Kids Bedroom Furniture
More advice buying and decorating kids bedrooms
Kids' bedroom furniture doesn't have to be boring. There was once a time when bedroom furniture for children - like clothing for children - was little more than a miniature copy of the adult version. But all that has changed. Perhaps parents are having a little more fun with furnishings, or perhaps "pester power" has spread to the world of interior design. Whatever the reason, kids' bedroom furniture is now more fun than ever.
For example, it's possible to buy hand painted beds in the shape of your kids' favorite vehicles. Little Tikes makes several different versions of their car-shaped beds. They're available in many different stores, including Wal-Mart and online retailer eToys (www.etoys.com). You can even buy them in black, with flames painted on the sides.
For a fairytale fantasy, there are plenty of castle-shaped beds on the market. The Dream Castle "Grow-With-Me" bed is a good option because it can be converted from a toddler-sized bed to a regular twin bed as your child grows. (The pieces for conversion are included in the packages.) Most good themed beds, whether they're cars, castles or spaceships, cost a few hundred dollars.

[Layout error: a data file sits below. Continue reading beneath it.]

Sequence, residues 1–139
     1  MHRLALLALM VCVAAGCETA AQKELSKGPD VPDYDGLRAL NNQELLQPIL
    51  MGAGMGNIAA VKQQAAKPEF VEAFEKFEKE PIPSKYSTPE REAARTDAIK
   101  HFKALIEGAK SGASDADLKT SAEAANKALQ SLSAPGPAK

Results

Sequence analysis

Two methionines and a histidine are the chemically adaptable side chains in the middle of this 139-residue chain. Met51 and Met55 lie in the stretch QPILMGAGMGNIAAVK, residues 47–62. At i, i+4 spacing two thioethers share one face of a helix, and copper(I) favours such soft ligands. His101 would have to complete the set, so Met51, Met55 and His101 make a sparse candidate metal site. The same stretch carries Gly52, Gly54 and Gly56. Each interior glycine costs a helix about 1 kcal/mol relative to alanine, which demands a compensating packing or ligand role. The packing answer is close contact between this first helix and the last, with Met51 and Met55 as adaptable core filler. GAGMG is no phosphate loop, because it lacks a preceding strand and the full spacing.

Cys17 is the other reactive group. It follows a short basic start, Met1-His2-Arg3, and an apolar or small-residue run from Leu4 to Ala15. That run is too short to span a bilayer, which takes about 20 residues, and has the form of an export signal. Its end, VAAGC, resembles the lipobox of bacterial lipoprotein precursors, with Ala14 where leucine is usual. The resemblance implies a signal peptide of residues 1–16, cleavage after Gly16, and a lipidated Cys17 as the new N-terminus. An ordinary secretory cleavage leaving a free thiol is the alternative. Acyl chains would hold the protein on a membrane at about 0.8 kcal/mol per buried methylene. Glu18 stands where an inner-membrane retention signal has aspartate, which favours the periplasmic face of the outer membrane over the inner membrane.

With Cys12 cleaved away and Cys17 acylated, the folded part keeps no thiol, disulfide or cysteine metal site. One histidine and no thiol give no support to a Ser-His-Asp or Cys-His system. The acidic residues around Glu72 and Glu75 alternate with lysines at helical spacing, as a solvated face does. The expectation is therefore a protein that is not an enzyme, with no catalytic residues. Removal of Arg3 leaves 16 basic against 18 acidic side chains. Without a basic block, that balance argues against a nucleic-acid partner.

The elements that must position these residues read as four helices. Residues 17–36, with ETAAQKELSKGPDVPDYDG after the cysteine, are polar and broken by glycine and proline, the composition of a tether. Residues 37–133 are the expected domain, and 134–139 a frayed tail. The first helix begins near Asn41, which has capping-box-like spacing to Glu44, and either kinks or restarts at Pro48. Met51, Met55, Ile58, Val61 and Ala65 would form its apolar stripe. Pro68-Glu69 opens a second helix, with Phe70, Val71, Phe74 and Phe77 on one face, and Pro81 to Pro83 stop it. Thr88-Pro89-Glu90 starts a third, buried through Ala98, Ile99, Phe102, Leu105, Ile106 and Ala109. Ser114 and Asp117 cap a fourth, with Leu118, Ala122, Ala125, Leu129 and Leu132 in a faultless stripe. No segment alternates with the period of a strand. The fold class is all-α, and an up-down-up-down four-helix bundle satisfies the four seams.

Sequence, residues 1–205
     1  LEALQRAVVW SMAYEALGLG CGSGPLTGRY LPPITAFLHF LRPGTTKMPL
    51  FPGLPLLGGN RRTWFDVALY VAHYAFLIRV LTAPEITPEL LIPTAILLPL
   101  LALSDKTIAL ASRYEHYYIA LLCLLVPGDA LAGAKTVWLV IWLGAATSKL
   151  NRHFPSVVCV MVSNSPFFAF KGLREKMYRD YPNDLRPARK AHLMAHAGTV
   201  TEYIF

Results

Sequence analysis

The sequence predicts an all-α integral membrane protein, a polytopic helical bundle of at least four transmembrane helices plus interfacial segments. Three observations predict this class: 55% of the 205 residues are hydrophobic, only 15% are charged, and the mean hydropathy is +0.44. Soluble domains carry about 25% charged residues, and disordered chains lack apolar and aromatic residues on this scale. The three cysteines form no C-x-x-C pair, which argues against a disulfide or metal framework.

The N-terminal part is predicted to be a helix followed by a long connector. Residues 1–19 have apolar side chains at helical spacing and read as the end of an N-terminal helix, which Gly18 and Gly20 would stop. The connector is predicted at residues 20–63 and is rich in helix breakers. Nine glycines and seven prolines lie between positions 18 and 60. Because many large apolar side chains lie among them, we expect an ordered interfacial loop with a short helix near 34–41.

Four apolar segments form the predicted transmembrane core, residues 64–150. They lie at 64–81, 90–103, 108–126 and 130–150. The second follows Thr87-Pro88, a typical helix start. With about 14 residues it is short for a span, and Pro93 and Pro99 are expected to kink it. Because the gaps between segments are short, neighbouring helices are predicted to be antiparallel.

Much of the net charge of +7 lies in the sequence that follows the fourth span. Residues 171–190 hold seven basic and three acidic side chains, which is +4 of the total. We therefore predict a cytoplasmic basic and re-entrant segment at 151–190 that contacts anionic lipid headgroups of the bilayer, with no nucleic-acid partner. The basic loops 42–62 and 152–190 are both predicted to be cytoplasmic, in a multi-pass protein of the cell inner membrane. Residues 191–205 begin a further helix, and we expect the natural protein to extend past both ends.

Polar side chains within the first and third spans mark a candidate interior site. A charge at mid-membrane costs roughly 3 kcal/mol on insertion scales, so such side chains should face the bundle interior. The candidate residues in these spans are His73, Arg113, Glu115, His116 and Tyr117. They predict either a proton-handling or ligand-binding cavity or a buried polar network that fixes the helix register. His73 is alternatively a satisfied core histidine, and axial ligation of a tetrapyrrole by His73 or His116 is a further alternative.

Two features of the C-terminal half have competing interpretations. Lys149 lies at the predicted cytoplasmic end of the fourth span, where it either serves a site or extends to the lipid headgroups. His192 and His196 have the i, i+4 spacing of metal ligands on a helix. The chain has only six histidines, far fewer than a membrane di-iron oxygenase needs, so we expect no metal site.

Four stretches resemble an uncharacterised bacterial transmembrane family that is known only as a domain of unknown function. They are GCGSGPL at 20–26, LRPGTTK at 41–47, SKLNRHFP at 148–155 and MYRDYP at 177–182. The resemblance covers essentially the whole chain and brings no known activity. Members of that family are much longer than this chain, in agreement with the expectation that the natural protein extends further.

There's even more scope to go crazy with your bedroom furniture if the bedroom doubles as a kid's playroom. That means you can think about tables and chairs for drawing and crafts. Crazy Cardboard has a table-and-chair set whose chairs are shaped like little tea-cups - perfect for afternoon tea in the nursery. If your kids love bugs, check out Posh Tots (www.poshtots.com), whose Bug Off table and chair set is covered in creepy-crawlies. Expect to pay anything between $50 and a few hundred dollars for a table-and-chair set. Furniture sets for older kids are usually more expensive than sets for toddlers.
However, kids' bedroom furniture doesn't have to be expensive...
With a little DIY, it's possible to create fun furniture at a fraction of the price. Second-hand furniture stores sell inexpensive child-sized furniture as well as the adult stuff. The first thing to do with wooden items is to sand them down thoroughly in order to avoid the risk of splinters. Start with coarse-grained sanding paper and move on to finer paper afterwards. Porous woods such as pine may then need a paste filler to achieve a smooth finish, but other woods will just need a sanding sealer. Then it's time to get decorating.